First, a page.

Title Adaptive control of nonlinear multivariable systems using neural networks Publication Type Conference Paper Year of Publication 1993 Authors Narendra, K.S., and Mukhopadhyay S. Conference Name Proceedings of the 32nd IEEE Conference on Decision and Control, 1993. Date Published 12/1993 Publisher IEEE Conference Location San Antonio, TX ISBN Number 0-7803-1298-8 Accession Number 4772091 Keywords adaptive control, multivariable systems, neural nets, nonlinear systems Abstract In this paper we examine the problem of control of multivariable systems using neural networks. The problem is discussed assuming different amounts of prior information concerning the plant and hence different levels of complexity. In the first stage it is assumed that the state equations describing the plant are known and that the state of the system is accessible. Following this the same problem is considered when the state equations are unknown. In the last stage the adaptive control of the multivariable system using only input-output data is discussed in detail. The objective of the paper is to demonstrate that results from nonlinear control theory and linear adaptive control theory can be used to design practically viable controllers for unknown nonlinear multivariable systems using neural networks. The different assumptions that have to be made, the choice of identifier and controller architectures and the generation of adaptive laws for the adjustment of the parameters of the neural networks form the core of the paper DOI 10.1109/CDC.1993.325299

# Hopping robot - Flight

## Model description:

$$\dot{x}=A_Fx+b_F\tau+e_F(x)$$

with

$A_S = \begin{bmatrix} 0 & 1 & 0 & 0 \\ 0 & 0 & -K \dfrac{m_n}{\beta_F} & -C \dfrac{m_n}{\beta_F} \\ 0 & 0 & 0 & 1 \\ 0 & 0 & -K \dfrac{m_{bnt}}{\beta_F} & -C \dfrac{m_{bnt}}{\beta_F} \\ \end{bmatrix},\\ x = \begin{bmatrix} z\\ \dot{z}\\ p\\ \dot{p} \end{bmatrix}, b_F = \dfrac{\eta}{\beta_{F}r} \begin{bmatrix} 0\\ m_n\\ 0\\ m_{bn} \end{bmatrix},\\ e_F(x)=\dfrac{1}{\beta_F} \begin{bmatrix} 0\\ \alpha(m_{bnt}g + f_{fF} + m_n(m_ng - k(s_0 - l_0) - f_p))\\ 0\\ -m_nf_{fF} - m_{bnt}(k(s_0-l_0) + f_a)\\ \end{bmatrix}.$

 $z$ Body Height $p$ Actuator Length $\tau$ Motor Torque $\theta$ Motor angle, $\theta = p/r$ $s$ Spring Length $m_b$ 9.5kg Upper Leg Mass $m_n$ 0.25kg Ball Nut Mass $m_t$ 0.5kg Toe Mass $k$ 400 N/m Spring Constant $F_p$ 5.0N Leg Dry Friction $F_z$ 1.5N Planarized Dry Friction $F_a$ 0N Ball Screw Dry Friction $c$ 5.5Ns/m Spring Viscous Friction $\hat{\tau}$ 1.78Nm Stall Torque $\hat{\omega}$ 2800RPM Max Speed $\eta$ 0.95 Ball Screw Efficiency $s_0$ 0.608m Spring Rest Length $l_0$ 0.595m Maximum Leg Length $J$ 2.7$\times$10$^{-4}$kgm$^2$ Motor Inertia $\alpha$ 0.34kgm $J/r^2+m_n$ $\mu$ 0.05 $m_t/m_{bnt}$

4

## Publication details:

 Title Design, modeling and control of a hopping robot Publication Type Conference Paper Year of Publication 1993 Authors Rad, H., Gregorio P., and Buehler M. Conference Name Proceedings of the 1993 IEEE/RSJ International Conference on Intelligent Robots and Systems '93, IROS '93. Date Published 06/1993 Publisher IEEE Conference Location Yokohama ISBN Number 0-7803-0823-9 Accession Number 5050001 Keywords legged locomotion Abstract The authors report progress towards model based, dynamically stable legged locomotion with energy efficient, electrically actuated robots. The present the mechanical design of a prismatic robot leg which is optimized for electrical actuation. A dynamical model of the robot and the actuator as well as the interaction with ground is derived and validated by demonstrating close correspondence between simulations and experiments. A new continuous, and exactly implementable open loop torque control algorithm is introduced which stabilizes a limit cycle of the underlying fourth order intermittent robot/actuator/environment dynamics DOI 10.1109/IROS.1993.583877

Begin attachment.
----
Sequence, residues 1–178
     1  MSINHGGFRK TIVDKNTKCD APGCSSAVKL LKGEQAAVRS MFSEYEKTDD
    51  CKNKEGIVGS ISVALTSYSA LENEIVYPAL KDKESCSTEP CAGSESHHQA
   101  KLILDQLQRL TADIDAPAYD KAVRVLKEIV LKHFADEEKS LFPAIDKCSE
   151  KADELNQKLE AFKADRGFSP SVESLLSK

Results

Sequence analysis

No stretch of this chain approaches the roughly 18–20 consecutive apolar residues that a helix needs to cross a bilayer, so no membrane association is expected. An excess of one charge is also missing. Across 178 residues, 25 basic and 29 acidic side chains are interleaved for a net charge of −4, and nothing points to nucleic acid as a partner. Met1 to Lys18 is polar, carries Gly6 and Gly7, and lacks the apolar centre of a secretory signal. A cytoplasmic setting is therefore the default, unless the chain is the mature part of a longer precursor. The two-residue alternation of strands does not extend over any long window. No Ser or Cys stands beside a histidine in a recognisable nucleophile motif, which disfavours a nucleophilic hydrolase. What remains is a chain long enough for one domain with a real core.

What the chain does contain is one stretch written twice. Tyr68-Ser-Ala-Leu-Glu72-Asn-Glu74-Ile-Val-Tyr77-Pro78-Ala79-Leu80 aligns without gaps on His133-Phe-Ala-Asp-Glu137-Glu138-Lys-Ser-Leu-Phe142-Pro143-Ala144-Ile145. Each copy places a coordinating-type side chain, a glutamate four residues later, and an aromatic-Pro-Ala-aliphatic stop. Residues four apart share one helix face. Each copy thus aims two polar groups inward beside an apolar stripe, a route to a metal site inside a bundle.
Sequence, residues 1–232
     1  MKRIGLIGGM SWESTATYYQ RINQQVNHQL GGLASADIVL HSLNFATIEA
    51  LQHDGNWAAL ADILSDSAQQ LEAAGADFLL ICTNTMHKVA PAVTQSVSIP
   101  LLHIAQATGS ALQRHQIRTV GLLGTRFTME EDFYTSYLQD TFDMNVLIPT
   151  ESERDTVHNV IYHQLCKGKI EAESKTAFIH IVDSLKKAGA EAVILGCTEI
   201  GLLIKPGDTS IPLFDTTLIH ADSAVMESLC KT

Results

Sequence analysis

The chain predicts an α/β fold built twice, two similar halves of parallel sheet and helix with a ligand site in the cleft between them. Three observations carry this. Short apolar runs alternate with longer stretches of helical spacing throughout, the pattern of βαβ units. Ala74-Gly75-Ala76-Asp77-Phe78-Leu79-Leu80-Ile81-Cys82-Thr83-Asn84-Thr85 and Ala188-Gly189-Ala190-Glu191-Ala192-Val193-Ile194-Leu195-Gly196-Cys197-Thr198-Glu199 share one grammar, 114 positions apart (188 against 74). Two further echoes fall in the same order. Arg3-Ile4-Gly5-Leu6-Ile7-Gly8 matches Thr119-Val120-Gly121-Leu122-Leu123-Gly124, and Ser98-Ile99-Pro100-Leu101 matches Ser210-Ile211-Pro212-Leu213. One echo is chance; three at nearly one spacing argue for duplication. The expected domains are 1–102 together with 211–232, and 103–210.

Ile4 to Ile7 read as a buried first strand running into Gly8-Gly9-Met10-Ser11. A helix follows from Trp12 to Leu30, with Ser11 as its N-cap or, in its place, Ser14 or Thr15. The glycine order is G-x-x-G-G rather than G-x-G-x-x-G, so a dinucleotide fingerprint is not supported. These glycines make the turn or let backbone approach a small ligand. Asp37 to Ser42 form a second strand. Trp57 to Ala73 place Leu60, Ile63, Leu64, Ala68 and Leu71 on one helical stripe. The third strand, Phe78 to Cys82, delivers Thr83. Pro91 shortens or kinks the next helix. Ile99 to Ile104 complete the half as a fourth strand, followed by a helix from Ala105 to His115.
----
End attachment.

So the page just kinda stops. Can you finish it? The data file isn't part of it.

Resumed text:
# Hopping robot - Stance

## Model description:

$$\dot{x}=A_Sx+b_S\tau+e_S(x)$$

with

$A_S = \begin{bmatrix} 0 & 1 & 0 & 0 \\ -K\dfrac{J}{\beta_Sr^2} & -C\dfrac{J}{\beta_Sr^2} & K\dfrac{J}{\beta_Sr^2} & C\dfrac{J}{\beta_Sr^2} \\ 0 & 0 & 0 & 1 \\ K\dfrac{m_b}{\beta_s} & C\dfrac{m_b}{\beta_s} & -K\dfrac{m_b}{\beta_s} & -C\dfrac{m_b}{\beta_s} \\ \end{bmatrix},\\ x = \begin{bmatrix} z\\ \dot{z}\\ p\\ \dot{p} \end{bmatrix}, b_S = \dfrac{\eta}{\beta_{S}r} \begin{bmatrix} 0\\ m_n\\ 0\\ m_{bn} \end{bmatrix},\\ e_S(x)=\dfrac{1}{\beta_s} \begin{bmatrix} 0\\ \alpha(ks_0 - m_{bn}g- f_{fS} + m_n(m_ng - ks_0 - f_a)\\ 0\\ 0\\ \end{bmatrix}.$

 $z$ Body Height $p$ Actuator Length $\tau$ Motor Torque $\theta$ Motor angle, $\theta = p/r$ $s$ Spring Length $m_b$ 9.5kg Upper Leg Mass $m_n$ 0.25kg Ball Nut Mass $m_t$ 0.5kg Toe Mass $k$ 400 N/m Spring Constant $F_p$ 5.0N Leg Dry Friction $F_z$ 1.5N Planarized Dry Friction $F_a$ 0N Ball Screw Dry Friction $c$ 5.5Ns/m Spring Viscous Friction $\hat{\tau}$ 1.78Nm Stall Torque $\hat{\omega}$ 2800RPM Max Speed $\eta$ 0.95 Ball Screw Efficiency $s_0$ 0.608m Spring Rest Length $l_0$ 0.595m Maximum Leg Length $J$ 2.7$\times$10$^{-4}$kgm$^2$ Motor Inertia $\alpha$ 0.34kgm $J/r^2+m_n$ $\mu$ 0.05 $m_t/m_{bnt}$

4

## Publication details:

 Title Design, modeling and control of a hopping robot Publication Type Conference Paper Year of Publication 1993 Authors Rad, H., Gregorio P., and Buehler M. Conference Name Proceedings of the 1993 IEEE/RSJ International Conference on Intelligent Robots and Systems '93, IROS '93. Date Published 06/1993 Publisher IEEE Conference Location Yokohama ISBN Number 0-7803-0823-9 Accession Number 5050001 Keywords legged locomotion Abstract The authors report progress towards model based, dynamically stable legged locomotion with energy efficient, electrically actuated robots. The present the mechanical design of a prismatic robot leg which is optimized for electrical actuation. A dynamical model of the robot and the actuator as well as the interaction with ground is derived and validated by demonstrating close correspondence between simulations and experiments. A new continuous, and exactly implementable open loop torque control algorithm is introduced which stabilizes a limit cycle of the underlying fourth order intermittent robot/actuator/environment dynamics DOI 10.1109/IROS.1993.583877